The surgical treatment for reconstruction of facial defects following trauma depends upon various factors such as wound character, other associated injuries and complexity of the defect.

    The reconstruction of injured soft tissues following a trauma is quite challenging. Skilled Maxillofacial surgeons who can reconstruct these deformities are very difficult to get. Good management and proper monitoring is inevitable for achieving superior and durable results

    Reconstruction of Secondary Post Traumatic Soft Tissues Defects

    Assault wounds, often create extremely severe soft tissue injuries and pose a big challenge for reconstructive surgeons. A thorough assessment of the defects is crucial in deciding appropriate tissue repair method.

    Current microsurgical practices and latest trends like free flap transfers provide comprehensive treatments for patients with least morbidity and improved functional integrity.

    A systematic algorithm is imminent in managing different stages of healing in the most ideal way in order to achieve best outcome.

    Midface Craniofacial Injuries

    Surgical treatments for high mid face craniofacial traumas are really a clinical dilemma because of the complex networking system of orbito- nasal organs.

    Midface traumas can result in facial nerve deficits, anosmia, base skull fractures, post-traumatic telecanthus, blood loss and persistent headache. An injury to frontal sinus causes hazardous leakage of Cerebrospinal fluid.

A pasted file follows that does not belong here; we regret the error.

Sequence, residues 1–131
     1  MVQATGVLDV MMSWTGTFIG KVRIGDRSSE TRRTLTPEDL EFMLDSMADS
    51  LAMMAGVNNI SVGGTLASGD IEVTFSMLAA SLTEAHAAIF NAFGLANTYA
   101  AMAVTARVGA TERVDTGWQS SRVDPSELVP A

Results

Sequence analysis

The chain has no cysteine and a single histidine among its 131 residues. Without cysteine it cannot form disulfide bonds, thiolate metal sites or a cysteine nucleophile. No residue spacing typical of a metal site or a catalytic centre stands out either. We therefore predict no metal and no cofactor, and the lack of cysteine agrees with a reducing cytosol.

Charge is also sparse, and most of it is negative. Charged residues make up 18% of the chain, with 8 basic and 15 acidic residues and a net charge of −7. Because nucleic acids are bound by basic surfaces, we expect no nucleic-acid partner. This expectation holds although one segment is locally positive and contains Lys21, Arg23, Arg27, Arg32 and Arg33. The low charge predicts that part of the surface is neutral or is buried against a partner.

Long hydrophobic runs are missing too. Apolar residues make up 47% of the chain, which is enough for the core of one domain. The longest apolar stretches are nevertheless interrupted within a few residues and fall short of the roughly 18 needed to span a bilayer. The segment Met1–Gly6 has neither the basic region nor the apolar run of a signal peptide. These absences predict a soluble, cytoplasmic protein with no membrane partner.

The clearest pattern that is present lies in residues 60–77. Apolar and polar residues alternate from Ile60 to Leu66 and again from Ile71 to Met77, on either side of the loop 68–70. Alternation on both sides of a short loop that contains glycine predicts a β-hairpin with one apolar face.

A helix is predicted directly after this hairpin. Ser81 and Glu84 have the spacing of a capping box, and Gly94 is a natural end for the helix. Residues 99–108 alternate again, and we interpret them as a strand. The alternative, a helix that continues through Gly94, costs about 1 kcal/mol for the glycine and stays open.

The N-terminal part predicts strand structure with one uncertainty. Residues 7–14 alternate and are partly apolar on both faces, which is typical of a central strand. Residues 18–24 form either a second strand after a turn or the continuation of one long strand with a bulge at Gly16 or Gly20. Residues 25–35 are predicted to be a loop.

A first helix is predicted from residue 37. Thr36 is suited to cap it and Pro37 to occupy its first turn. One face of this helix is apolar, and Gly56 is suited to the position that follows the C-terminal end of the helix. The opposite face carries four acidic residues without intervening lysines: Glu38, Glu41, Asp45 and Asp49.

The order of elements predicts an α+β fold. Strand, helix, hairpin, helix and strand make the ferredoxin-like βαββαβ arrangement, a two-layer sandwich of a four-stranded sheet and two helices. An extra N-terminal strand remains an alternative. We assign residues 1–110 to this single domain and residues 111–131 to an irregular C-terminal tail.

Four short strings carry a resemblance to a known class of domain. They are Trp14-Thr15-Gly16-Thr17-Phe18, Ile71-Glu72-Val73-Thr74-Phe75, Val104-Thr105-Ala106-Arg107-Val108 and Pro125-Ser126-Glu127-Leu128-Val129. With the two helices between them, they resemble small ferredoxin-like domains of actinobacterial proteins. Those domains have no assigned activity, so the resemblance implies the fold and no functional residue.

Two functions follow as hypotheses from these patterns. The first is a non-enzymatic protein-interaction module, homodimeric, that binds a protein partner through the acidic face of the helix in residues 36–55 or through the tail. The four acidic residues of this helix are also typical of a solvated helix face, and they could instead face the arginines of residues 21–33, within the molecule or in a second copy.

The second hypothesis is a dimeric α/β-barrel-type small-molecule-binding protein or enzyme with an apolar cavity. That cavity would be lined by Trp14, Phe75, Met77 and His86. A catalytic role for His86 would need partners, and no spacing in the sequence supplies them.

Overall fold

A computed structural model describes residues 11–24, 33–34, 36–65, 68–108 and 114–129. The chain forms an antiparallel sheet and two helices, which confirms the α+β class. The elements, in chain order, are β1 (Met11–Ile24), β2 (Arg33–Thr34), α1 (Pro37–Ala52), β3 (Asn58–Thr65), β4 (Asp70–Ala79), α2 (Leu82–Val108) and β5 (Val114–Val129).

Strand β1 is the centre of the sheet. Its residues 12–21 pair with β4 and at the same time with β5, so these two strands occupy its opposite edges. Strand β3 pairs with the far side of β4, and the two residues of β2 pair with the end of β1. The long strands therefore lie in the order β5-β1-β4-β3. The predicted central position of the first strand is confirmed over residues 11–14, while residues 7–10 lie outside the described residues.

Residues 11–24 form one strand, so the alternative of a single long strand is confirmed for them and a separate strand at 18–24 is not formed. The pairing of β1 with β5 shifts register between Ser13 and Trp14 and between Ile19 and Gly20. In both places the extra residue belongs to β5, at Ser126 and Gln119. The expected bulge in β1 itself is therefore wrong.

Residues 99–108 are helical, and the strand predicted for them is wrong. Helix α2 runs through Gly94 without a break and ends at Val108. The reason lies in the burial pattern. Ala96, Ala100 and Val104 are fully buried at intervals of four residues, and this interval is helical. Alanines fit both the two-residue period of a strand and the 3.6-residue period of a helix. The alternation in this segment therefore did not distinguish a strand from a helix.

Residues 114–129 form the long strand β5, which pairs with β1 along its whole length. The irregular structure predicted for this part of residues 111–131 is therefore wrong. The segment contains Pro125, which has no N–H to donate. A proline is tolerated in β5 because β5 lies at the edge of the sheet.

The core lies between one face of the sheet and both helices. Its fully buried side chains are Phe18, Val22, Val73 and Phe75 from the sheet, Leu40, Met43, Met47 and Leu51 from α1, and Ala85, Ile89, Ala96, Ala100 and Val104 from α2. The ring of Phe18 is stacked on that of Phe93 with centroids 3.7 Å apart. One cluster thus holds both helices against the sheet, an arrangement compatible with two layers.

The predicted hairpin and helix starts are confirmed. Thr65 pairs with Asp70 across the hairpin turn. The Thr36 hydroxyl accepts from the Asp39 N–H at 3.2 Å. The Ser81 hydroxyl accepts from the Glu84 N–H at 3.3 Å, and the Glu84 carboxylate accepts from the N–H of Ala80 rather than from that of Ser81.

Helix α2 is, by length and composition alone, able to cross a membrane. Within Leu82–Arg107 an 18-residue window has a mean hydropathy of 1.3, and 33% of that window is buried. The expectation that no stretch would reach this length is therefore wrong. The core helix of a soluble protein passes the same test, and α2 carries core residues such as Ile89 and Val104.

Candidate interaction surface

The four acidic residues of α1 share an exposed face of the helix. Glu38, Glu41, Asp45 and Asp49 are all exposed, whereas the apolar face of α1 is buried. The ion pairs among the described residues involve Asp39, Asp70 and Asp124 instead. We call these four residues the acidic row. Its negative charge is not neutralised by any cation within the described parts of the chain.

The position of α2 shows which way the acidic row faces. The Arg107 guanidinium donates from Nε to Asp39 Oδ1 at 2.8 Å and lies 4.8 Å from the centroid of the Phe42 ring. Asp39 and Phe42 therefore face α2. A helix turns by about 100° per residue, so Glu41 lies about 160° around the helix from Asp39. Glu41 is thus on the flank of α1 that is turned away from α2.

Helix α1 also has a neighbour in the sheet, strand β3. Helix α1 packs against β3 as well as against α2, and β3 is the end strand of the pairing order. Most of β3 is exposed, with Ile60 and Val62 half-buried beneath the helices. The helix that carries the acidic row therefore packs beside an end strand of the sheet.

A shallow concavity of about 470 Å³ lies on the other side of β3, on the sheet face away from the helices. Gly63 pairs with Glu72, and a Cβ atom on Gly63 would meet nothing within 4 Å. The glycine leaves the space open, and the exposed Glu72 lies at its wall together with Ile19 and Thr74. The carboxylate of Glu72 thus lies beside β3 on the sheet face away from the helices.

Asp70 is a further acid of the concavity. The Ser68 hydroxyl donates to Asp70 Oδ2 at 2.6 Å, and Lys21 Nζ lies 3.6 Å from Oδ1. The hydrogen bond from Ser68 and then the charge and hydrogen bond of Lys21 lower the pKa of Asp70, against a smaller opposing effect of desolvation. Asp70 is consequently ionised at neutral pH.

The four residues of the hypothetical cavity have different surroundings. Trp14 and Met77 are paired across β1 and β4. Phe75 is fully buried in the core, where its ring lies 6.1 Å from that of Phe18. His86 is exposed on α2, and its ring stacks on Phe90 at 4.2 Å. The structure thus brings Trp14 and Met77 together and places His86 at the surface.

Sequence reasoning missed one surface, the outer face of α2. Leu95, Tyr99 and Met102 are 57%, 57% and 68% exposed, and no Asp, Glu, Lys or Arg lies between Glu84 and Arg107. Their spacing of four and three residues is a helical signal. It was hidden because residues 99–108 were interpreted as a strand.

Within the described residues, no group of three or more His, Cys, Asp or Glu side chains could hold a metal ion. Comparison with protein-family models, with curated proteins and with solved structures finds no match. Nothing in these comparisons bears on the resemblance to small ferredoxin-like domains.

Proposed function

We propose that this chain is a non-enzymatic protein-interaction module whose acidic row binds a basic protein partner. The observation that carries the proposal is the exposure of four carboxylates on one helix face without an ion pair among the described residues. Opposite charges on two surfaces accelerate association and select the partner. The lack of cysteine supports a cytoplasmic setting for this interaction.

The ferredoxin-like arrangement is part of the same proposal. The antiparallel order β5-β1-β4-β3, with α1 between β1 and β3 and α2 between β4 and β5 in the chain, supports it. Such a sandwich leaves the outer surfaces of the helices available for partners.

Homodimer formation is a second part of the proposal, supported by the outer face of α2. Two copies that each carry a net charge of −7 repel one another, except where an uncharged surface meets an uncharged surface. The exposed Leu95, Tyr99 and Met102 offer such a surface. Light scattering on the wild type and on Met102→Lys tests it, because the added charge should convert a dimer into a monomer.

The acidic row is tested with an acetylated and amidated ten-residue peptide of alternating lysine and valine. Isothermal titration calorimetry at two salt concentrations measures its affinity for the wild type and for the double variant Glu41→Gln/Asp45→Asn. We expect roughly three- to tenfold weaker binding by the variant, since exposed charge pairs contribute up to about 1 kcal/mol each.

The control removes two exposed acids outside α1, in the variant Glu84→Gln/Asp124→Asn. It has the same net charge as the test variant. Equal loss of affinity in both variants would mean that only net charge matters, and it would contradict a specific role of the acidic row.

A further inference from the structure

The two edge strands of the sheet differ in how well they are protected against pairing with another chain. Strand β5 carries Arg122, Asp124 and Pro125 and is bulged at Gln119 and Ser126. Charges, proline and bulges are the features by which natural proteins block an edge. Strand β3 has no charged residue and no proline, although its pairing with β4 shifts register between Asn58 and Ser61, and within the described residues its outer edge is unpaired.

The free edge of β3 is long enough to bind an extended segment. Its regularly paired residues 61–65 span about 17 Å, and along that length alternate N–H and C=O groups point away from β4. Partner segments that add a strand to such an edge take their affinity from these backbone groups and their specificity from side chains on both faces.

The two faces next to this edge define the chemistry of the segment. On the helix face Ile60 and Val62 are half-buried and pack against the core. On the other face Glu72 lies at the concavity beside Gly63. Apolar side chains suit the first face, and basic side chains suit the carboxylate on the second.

Meticulous planning is required to restore the normal anatomy and desired function in this region.

    Skeletal Reconstruction

    Exact positioning of the arch (zygoma) helps restore the proper facial width and framing. Reestablishing normal occlusion is essential in the case of trauma with mandibular fracture.

    The soft tissue damages produced by midface trauma create defects to naso-orbito-ethmoidal region, which plays an important role in facial expression.

    Bone regeneration without devascularizing the underlying bone mass is possible with external fixation while performing soft tissue coverage. Internal platings and miniplates are used depending upon the nature and location of defect. Significant bone loss and presence of tissue fragments may require primary bone grafting to prevent further soft tissue defects and to maintain structural integrity.

    Sometimes massive soft tissue injuries require free tissue transfer. The recent free flap transfer methods like fasciocutaneous flaps and anterolateral thigh flap are used in reconstructive surgeries which can produce optimal aesthetic and functional results.

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